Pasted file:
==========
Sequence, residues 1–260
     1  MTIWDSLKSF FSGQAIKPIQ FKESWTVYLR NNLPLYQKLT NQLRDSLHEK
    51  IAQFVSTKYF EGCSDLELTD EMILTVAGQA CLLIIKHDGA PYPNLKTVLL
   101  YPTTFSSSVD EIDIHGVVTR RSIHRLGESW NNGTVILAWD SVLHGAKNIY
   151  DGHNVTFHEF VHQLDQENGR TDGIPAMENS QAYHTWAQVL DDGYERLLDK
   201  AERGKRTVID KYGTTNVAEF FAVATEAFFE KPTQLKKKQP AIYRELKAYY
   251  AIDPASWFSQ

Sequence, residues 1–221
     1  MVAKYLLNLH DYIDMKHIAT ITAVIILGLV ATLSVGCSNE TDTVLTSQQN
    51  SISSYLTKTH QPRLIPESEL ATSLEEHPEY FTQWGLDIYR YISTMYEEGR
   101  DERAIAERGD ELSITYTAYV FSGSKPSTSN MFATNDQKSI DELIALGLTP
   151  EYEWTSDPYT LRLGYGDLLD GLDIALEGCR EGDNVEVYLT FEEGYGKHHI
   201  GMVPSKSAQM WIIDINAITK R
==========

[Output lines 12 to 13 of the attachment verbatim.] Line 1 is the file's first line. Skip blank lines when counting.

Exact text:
   151  EYEWTSDPYT LRLGYGDLLD GLDIALEGCR EGDNVEVYLT FEEGYGKHHI
   201  GMVPSKSAQM WIIDINAITK R